The axial loading assembly 16 provides an axial load on the calibration body and thus on the sensor. The axial loading assembly 16 is shown removed from the base 11 in FIGS. 8 and 9, and it includes a base guide plate 86 that has outer edge portions 86A that fit under the provided lips of the guide clips 20 to slidably receive the plate 86 so that the axial loading assembly 16 can be adjusted longitudinally along the base plate 11. A frame assembly 87 is mounted onto the plate 86, and includes a bottom plate 88, and a pair of upright side plates 89 fixed to the bottom plate 88. The side plates 89 are spaced apart laterally and each of the plates 89 has a vertically extending groove 90 as seen in FIG. 8. These grooves 90 are in the midportions of the side plates 89. The side plates 89 are held together at their upper ends with a cross member 93 that is fixed to the side plates 89 and extends between them.
The guide frame assembly 87 is mounted onto the bottom plate 86 so that it can slide transversely for adjustment, that is, it can be adjusted from side to side. As shown in FIG. 8, a pair of cross spacer bars 94, 94 are supported on the top surface of the guide plate 86 and extend across the front and back of the plate 86. These spacer bars 94 are high enough so that they will provide a slight clearance between a lip forming strap 95 that is bolted in place on the spacers and the upper surface of the edges of plate 88. The spacers 94 and straps 95 form tracks for the plate 88. The upright side plates 89 are configured so that the straps 95 clear the edges of the side plates 89 at the front and back.
A fore and aft extending bar 100 is bolted to the top surfaces of the lips 95. It is thus fixed with respect to the bottom guide plate 86, and is not part of the frame assembly 87. The lateral or side to side position of the frame 87 with respect to the base 11 is controlled by a lateral adjustment screw 102 (FIG. 9) that has a threaded shank 103 that threads into a threaded opening in the bar 100. The screw also has a shank portion 104 that is rotatably mounted in one side wall 89 and axially held by a shoulder and one lock nut 105. By turning the screw 103, the frame assembly 87 can be moved a small distance laterally for alignment purposes and then locked in place with a suitable lock nut 105 acting against bar 100. The bar 100 has a greater vertical height in the rear portions than at the front as shown.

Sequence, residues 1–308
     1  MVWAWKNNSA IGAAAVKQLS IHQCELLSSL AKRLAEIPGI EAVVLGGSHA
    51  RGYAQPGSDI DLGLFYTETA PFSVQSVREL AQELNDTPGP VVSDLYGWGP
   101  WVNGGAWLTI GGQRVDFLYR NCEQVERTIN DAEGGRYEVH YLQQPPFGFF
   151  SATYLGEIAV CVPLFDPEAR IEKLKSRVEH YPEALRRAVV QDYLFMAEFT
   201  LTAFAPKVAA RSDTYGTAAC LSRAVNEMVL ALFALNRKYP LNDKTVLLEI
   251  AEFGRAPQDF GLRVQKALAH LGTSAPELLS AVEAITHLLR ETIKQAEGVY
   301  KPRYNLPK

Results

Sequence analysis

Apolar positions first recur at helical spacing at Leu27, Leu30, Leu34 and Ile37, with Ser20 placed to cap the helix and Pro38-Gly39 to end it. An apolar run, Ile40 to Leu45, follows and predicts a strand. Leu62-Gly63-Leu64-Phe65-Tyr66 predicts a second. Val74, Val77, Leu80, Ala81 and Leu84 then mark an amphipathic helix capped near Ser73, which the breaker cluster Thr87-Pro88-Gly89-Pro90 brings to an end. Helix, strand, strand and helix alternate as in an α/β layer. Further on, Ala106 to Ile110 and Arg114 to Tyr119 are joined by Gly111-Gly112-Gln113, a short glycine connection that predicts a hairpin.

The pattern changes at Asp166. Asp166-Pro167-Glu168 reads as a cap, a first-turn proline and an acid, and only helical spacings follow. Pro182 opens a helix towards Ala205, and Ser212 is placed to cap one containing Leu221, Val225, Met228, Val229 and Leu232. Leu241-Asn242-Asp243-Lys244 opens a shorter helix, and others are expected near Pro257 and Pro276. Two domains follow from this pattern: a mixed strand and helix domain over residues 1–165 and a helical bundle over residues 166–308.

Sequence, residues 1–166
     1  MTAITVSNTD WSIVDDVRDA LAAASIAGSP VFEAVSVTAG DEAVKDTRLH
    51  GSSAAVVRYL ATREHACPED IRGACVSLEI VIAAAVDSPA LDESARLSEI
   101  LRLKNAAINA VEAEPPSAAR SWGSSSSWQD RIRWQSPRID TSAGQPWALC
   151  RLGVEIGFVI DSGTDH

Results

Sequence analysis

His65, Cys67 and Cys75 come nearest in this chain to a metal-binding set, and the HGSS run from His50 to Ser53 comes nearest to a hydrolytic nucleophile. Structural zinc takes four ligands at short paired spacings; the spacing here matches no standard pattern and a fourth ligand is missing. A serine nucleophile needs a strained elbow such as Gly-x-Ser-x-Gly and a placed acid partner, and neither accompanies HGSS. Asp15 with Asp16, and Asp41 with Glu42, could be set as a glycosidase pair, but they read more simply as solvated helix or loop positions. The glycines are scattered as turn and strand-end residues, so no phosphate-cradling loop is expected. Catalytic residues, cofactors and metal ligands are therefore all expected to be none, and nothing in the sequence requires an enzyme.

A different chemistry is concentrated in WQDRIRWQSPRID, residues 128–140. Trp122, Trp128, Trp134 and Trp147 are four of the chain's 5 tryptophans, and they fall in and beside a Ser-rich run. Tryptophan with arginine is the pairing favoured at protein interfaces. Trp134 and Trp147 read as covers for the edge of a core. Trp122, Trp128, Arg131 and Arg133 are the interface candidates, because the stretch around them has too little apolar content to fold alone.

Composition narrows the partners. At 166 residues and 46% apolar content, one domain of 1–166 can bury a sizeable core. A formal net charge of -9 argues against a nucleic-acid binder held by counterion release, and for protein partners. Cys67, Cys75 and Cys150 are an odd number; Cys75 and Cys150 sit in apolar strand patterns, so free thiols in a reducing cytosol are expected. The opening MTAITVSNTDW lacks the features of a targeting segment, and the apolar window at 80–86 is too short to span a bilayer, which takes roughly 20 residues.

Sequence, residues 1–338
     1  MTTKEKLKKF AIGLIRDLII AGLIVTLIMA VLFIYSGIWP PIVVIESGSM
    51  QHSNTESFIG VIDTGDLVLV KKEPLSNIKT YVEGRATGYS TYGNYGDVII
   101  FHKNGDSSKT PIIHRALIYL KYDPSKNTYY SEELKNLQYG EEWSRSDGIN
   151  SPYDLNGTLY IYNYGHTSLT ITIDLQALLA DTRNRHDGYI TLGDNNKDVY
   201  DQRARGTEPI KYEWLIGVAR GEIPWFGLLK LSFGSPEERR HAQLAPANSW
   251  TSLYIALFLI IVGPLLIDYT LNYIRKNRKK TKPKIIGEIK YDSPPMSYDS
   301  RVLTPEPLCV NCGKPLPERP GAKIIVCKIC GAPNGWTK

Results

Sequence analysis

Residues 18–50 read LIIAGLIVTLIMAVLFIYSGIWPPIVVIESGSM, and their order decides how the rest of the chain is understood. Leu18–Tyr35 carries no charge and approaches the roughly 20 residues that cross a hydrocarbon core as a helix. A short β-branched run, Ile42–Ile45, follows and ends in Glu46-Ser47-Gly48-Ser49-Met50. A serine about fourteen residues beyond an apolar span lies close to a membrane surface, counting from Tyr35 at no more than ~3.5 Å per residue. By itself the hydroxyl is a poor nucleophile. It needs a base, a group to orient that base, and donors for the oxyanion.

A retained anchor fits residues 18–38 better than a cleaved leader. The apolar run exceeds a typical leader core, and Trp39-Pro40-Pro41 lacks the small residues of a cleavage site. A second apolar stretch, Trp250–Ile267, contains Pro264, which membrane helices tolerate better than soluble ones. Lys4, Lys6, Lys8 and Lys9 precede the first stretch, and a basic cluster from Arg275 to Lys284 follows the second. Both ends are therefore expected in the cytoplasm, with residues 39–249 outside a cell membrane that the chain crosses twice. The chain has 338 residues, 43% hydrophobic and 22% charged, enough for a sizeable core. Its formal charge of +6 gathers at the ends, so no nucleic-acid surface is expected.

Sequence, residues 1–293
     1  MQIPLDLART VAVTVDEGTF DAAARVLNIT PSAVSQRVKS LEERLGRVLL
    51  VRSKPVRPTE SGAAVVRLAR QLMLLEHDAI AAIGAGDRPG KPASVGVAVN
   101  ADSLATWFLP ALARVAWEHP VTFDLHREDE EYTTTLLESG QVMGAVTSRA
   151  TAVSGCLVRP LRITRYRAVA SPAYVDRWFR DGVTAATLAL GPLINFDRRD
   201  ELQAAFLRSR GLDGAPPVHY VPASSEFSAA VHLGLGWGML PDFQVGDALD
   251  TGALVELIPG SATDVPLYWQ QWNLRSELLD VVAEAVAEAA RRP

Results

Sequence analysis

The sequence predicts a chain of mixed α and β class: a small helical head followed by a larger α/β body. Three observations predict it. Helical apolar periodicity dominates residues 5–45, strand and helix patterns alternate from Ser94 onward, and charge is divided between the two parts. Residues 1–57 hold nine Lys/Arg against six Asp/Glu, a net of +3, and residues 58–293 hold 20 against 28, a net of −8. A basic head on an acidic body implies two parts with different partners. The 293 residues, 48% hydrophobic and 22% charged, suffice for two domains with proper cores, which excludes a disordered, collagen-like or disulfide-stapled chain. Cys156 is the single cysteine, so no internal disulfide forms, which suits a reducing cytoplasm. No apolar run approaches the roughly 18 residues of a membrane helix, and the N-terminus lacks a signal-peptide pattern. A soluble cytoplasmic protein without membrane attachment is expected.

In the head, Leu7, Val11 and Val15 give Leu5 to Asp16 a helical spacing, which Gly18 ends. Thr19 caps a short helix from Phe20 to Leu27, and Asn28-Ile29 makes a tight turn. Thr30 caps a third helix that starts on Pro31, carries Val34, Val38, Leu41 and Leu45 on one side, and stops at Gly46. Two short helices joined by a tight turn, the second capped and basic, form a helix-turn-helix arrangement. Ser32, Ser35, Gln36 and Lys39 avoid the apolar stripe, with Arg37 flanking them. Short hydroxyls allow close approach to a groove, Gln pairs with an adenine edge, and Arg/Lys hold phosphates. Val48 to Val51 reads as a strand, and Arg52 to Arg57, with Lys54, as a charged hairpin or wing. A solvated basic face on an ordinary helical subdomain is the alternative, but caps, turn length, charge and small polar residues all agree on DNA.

The frame 87 carries a slide block 110 that has end portions that are mounted for slidable vertical movement in the grooves 90 in the side plates 89. The vertical position of the slide block 110 is controlled through a vertical adjustment screw assembly 112 that is mounted on the crossbar 93, and is axially held and rotatably mounted therein. The screw assembly 112 has a threaded screw portion 113 that is threadably mounted in a suitable bore 115 in the slide block 110. The bore 115 is long enough to permit the screw to move in and out a selected amount in adjustment. Suitable lock nuts 114 are used for providing for a fixed positioning of the slide block between the crossbar 93 and the base. By threading the vertical adjustment screw 112, when the nuts 114 are loosened, the position of the central axis of the slide block can be vertically changed and selected for precise adjustment and the slide block can be locked in place.
An adaptor 116 is mounted in a central bore in the slide block 110, and is fixed in position with suitable cap screws. The adaptor 116 has a central tubular sleeve 117 that fits into the bore in the slide block 110, and has an outer hub portion 118 that mounts a pneumatic cylinder assembly 119. The pneumatic cylinder has an internal piston, and an extendable and retractable rod 120. The rod 120 is in turn drivably connected to a shaft 121 that slides axially in the bore in sleeve 117. Shaft 121 has a zero shear flexure coupling 122 on the side of the slide block 110 opposite from the pneumatic cylinder 119. The flexure coupling 122 faces the first sensor support assembly 15. The flexure coupling is for sensing eccentric loading and for providing an indication of zero shear loading on the sensor in axial direction, which means the force applied will be truly along the desired axis. The flexure coupling 122 includes a mounting plate or flange 123 having a hub fixed to shaft 121. As shown in FIG. 12, a flexure spider 125, which has four arms 124 also has an outer rim 124A fixed to the outer ends of the arms. The rim 124A is bolted to a rim of plate 123. A central hub 126 is carried by the arms 124. The central hub 126 is connected to the plate 123 only through the arms 124, which act as flexure connections in axial direction, but which are stiff connections in lateral and rotational directions.